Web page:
- A win on Saturday would give Serena (-195) her 24th Slam, tying Margaret Court for most all-time.
- Angelique Kerber is seeking her third Major championship and first at Wimbledon.
- Serena has won 20 straight matches at Wimbledon and owns a 23-6 record in Grand Slam finals.
After winning her 11th consecutive grass semifinal and 20th straight match at Wimbledon, Serena Williams is now one win away from her 24th Grand Slam title, which would tie Margaret Court for most all-time.
On the other hand, an upset win by Angelique Kerber would give the German three of the four career Grand Slams, putting her one French Open title away from joining 10 other women who have accomplished that rare feat.
Let’s take a closer look at Saturday’s championship at The All England Club to determine if anything is worth betting.
Angelique Kerber (+177) vs. Serena Williams (-193) | O/U: 22
Where: Centre Court
When: 9 a.m. ET
Serena and Kerber have had pretty similar paths to the Wimbledon final. Each has lost only one set in six match wins — and only two games separate their net results, as Kerber has lost 49 total games to Serena’s 47.
As of Friday morning, 60% of the betting action was on Serena.
Williams has won six of their eight career meetings, including the lone encounter on grass in the 2016 Wimbledon final, which marked the last time they met.
Eight of their nine matchups have finished in straight sets, and only one of 17 sets has gone to a tiebreaker. However, Kerber has served as well as she ever has over the past few matches, and their past three meetings (all finals) have all been very competitive.
This will mark Serena’s 30th career Grand Slam final. She has an amazing 23-6 record (79%) in her previous 29, including a 7-2 record at Wimbledon.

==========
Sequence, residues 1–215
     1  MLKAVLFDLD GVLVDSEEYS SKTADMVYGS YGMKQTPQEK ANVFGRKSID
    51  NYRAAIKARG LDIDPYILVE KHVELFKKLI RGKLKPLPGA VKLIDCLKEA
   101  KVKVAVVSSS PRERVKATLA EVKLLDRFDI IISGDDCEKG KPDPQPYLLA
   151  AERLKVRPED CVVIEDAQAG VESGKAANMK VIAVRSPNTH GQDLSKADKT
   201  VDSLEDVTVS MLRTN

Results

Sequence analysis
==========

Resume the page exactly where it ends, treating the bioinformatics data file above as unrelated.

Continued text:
The American has actually won five straight Wimbledon finals — with only one going three sets (against Aga Radwanska in 2012). And most impressive of all, Serena owns an 8-1 Slam record in matches that go three sets. However, that one loss came against Kerber.
Angie will seek a third Slam win in her fourth career major final appearance. Her only loss came here at Wimbledon in 2016 in straight sets to Serena in a very high-quality match. The German defeated Serena earlier that year in the Australian Open final and then took down Karolina Pliskova later in 2016 at the U.S. Open — both of her wins came in three sets.
Kerber certainly has a shot on Saturday. She knows she can beat Serena on the biggest stage, as she did in the 2016 Australian Open final. Self-belief is half the battle against the greatest women’s player of all-time. The German won’t fear her opponent or the stage, which not many other players on Tour can claim.
The formula in that win in Melbourne was to chase everything down and not give Serena any pace back. Kerber used a variety of shots and angles to make Serena come to the net, which she hasn’t had to do much in this tourney. Williams’ lateral footwork has looked better with each match, but nobody has really tested her vertical movement. Serena hasn’t faced an elite defensive player yet in this tourney. That will change on Saturday.
On the surface, this is just an elite power player against an elite defender, but Kerber has served at a very high level all tournament — especially in her most recent matches. Breaks of serve may be at a premium on Saturday.
Kerber won’t give Serena many free points, as she’s playing so cleanly: Kerber had only seven unforced errors to Ostapenko’s 34 in the semis. And if she can serve as she did in that match (77% of first serves in), she’ll keep it super-competitive. However, in the end, you just have to trust the greatest women’s server of all time to get it done. Serena leads the tourney with a stellar 80% of first serve points won in her first six matches.
The line looks about right, but I see slight value on the over 22 games considering how well both are serving right now, though I don’t feel that strongly about it. Totals are a tough cap in WTA Grand Slam finals.
Bet to Watch: Over 22 games